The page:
People with lower-limb loss
benefited from a wellness walking program designed for them, but staying
committed to the activity remained a challenge, a study has found.
participants—those attending three sessions within three years—were
compared to one-time-only participants using Fisher’s exact and
independent T–tests. Participants provided medical
history and self-reported balance confidence and prosthetic functional
measures. Physiotherapy professionals/paraprofessionals assessed balance
and gait. Two former Paralympians led the wellness walking sessions.
First and third sessions for committed participants were compared with T-tests.
A bootstrapped multivariable logistic regression model was developed
using significant univariate predictors. The 305 volunteers averaged
55.7 years old (± 15.2 years), included 68.4 percent men, and were 78.4
percent of the white race. Of the cohort, 51.8 percent had dysvascular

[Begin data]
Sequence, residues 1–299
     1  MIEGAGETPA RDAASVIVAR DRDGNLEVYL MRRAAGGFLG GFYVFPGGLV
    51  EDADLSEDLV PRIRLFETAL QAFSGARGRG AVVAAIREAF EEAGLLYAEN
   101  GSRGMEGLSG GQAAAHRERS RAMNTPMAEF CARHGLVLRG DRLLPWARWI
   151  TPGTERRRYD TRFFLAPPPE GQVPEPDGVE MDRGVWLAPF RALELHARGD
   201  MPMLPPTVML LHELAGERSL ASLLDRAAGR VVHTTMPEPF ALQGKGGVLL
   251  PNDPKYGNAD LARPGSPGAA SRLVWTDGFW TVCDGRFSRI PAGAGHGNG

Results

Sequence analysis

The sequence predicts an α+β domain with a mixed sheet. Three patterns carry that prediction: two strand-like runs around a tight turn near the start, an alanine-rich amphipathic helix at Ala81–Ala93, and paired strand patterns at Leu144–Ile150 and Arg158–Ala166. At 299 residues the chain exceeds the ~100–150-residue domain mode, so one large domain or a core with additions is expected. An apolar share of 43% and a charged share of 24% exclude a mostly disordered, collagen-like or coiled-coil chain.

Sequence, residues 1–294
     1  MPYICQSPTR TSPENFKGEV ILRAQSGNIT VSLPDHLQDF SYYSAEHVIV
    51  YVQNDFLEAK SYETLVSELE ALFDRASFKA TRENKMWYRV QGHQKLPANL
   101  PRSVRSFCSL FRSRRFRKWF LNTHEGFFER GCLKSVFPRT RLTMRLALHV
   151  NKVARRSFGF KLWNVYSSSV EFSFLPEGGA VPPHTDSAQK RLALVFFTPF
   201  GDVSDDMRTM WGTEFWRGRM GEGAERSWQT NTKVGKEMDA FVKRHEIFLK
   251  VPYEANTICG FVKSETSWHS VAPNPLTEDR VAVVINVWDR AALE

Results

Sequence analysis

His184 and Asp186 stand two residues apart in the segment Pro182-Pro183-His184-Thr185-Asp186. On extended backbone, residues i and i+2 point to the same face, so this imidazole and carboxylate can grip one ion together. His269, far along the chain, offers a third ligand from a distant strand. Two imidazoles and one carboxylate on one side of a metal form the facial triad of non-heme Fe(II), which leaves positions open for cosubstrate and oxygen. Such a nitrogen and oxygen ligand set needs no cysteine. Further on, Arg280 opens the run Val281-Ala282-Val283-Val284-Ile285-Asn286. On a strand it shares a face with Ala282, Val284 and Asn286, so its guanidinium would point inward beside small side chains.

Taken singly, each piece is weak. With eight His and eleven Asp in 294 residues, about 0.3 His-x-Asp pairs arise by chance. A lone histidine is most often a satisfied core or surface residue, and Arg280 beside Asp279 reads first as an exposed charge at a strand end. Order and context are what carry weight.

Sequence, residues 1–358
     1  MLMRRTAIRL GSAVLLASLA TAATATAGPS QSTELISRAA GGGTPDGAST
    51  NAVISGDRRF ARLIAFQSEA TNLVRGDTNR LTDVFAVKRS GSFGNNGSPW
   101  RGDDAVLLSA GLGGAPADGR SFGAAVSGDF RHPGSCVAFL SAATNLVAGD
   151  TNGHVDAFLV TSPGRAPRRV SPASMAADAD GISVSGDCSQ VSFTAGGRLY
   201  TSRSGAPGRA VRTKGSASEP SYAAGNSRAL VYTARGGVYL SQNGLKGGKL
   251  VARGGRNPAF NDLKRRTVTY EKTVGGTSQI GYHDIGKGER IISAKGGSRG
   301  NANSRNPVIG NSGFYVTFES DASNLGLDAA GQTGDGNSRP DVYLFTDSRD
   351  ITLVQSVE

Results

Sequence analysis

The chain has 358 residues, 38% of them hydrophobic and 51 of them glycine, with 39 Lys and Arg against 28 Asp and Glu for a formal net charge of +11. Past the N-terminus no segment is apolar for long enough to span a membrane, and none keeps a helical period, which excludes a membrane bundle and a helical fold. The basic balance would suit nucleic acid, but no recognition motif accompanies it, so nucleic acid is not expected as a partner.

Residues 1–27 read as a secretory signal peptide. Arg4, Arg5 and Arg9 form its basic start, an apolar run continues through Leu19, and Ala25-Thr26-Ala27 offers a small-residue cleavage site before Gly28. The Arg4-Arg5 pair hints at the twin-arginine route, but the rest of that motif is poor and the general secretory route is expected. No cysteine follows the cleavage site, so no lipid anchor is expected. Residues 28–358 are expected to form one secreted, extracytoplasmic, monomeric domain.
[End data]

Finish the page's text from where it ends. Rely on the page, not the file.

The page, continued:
amputations, 40.5 percent with ⩾1 prosthetic
knee; and 49.1 percent were independent community walkers. Committed
participants were initially similar to one-time-only participants except
for fewer years since amputation, better balance ability, and greater
likelihood of dieting. The final model—balance ability (odds
ratio = 2.4), dieting (odds ratio = 3.3), and years since amputation
(odds ratio = 0.94)—identified 88 percent of committed participants.
Balance confidence and functional improvements after three sessions were
study found that committed participants were more likely to diet, have
better balance ability, and have more recent amputations than
The study was published August 16 in Prosthetics and Orthotics International.